Radiata pine, Monterey pine (RAP)
Radiata pine is one of the world’s most successful plantation species, especially in the southern hemisphere. Not only does it grow well on a range of sites from the highland sub-tropics to milder temperate regions, but it often grows exceptionally fast; records from plantations in North Island, New Zealand have shown a yield class of 60+. Owing to its widespread success the timber is well known in the trade. It is the principal plantation species grown in Australia, Chile, and New Zealand.
On the right site, radiata pine has the potential to be the fastest growing and most productive pine in Britain. The species should benefit as the climate warms and becomes more ‘Mediterranean’ so that a wider range of sites in southern and lowland Britain become suitable for planting. Radiata pine is listed as Endangered by the IUCN.
Radiata pine is categorised as a Secondary tree species. These are species that have have demonstrated positive silvicultural characteristics in trial plots but gaps in knowledge constrain wider use. The species are being actively evaluated to increase understanding and inform future deployment
Radiata pine has a highly restricted range on the Monterey peninsula of coastal California, USA. The area provides its other common name Monterey pine. Despite its small natural range it is the worlds most commonly planted productive conifer.
There has been little provenance testing in Britain. While seed sourced from cold hardy and Dothistroma resistant strains in breeding programs elsewhere e.g., New Zealand, may be beneficial, a tentative recommendation is to collect seed from mature British stands of good form.
Adapted to a warm Mediterranean climate with most early planting in Britain confined to sites in the south-west and extreme south. With climate change and drawing on more recent trial evidence, radiata pine could be more widely considered across southern Britain where warm drier summers occur. It is less well suited to the wetter maritime Atlantic seaboard conditions of the west and north-west despite the mild climate.
A light demanding species tolerant of exposure. It grows well on soils of very poor to medium nutrient status and of dry to fresh soil moisture. It is not suited to peats or gleys or to alkaline soils. Provided there is adequate warmth, and the soils are freely draining, it can grow on sites with rainfall between 500 and 1500 mm.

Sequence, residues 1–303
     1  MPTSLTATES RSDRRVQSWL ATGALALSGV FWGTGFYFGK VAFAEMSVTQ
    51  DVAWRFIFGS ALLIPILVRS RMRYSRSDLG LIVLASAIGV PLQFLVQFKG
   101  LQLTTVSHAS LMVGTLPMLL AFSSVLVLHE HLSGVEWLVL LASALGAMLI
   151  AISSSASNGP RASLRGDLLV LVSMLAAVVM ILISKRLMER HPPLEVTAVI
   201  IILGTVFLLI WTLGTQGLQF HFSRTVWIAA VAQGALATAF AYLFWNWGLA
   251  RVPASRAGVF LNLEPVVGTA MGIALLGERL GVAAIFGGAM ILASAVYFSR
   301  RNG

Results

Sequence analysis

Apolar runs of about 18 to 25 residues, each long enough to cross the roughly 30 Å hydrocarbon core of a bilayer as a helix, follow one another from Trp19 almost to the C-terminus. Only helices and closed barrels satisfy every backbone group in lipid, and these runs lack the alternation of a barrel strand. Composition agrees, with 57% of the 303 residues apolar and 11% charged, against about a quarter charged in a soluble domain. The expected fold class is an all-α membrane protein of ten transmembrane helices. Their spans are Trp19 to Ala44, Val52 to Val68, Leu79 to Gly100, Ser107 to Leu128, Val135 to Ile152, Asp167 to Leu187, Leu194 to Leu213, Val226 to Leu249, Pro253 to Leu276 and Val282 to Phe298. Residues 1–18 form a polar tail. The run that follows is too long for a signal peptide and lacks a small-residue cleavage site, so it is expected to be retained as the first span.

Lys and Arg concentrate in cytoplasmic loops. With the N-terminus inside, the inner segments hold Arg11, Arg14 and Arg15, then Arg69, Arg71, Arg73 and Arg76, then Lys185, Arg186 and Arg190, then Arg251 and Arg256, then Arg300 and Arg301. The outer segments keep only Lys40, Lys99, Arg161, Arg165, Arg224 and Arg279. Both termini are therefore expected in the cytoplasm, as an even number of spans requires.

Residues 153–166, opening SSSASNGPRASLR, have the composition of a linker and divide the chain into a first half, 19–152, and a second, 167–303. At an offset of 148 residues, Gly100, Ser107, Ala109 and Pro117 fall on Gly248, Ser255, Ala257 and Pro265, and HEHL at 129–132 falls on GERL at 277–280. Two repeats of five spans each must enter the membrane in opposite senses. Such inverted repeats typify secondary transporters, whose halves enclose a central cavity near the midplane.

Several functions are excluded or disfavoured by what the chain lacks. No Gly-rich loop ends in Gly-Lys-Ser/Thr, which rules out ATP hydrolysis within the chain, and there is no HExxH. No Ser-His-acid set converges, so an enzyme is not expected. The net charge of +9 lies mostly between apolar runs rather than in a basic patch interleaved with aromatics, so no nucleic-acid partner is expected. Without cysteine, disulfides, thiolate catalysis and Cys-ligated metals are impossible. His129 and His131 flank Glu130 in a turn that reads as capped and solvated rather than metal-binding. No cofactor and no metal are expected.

Further detail on the site requirements of radiata pine in current and future climates can be examined using the Forest Research Ecological Site Classification Decision Support System (ESC).ECOLOGICAL SITE CLASSIFICATION TOOL
In Britain there is little experience outside of trial plots and specimen trees.
Evidence has indicated on good sites thinning may be required as early as 10 years of age. Plant at standard stocking rates for conifers i.e., 2000-3000 stems per hectare. Heavy and persistent branches suggest that to grow sawlogs, early high pruning will be essential. Early and regular thinning should produce sawlogs in 25-40 years.
Pests and Pathogens
Radiata pine is susceptible to Dothistroma septosporum (red band needle blight) particularly in the establishment phase. Fusarium circinatum (pitch pine canker) can be serious on radiata pine, and the disease has spread to several countries in western Europe, although not yet present in Britain. The species also suffers from Sphaeropsis sapinea (Diplodia blight) in parts of Europe, visible as shoot dieback.
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In addition to the general sources of information for species the following are useful for radiata pine.
Evans, J (ed) 2009 Planted Forests – Uses, Impacts and Sustainability. CAB International and FAO, Rome. 213pp.
Evans, J (2021) Britain’s highest yielding forest plots? The story of experiment Wareham 156. Quarterly Journal of Forestry 115: 64-68
Everard, J and Fourt, D F (1974) Monterey pine and bishop pine as plantation trees in southern Britain. Quarterly Journal of Forestry 68: 111-125
Reynolds, C et al. (2021) Providing the evidence base to diversify Britain’s forests: initial results from a new generation of species trials. Quarterly Journal of Forestry 115: 26-37.
Wilson, Scott, McG. (2014) Living with climate change – Mediterranean trees and agroforestry in Britain? Quarterly Journal of Forestry 108(2): 90-101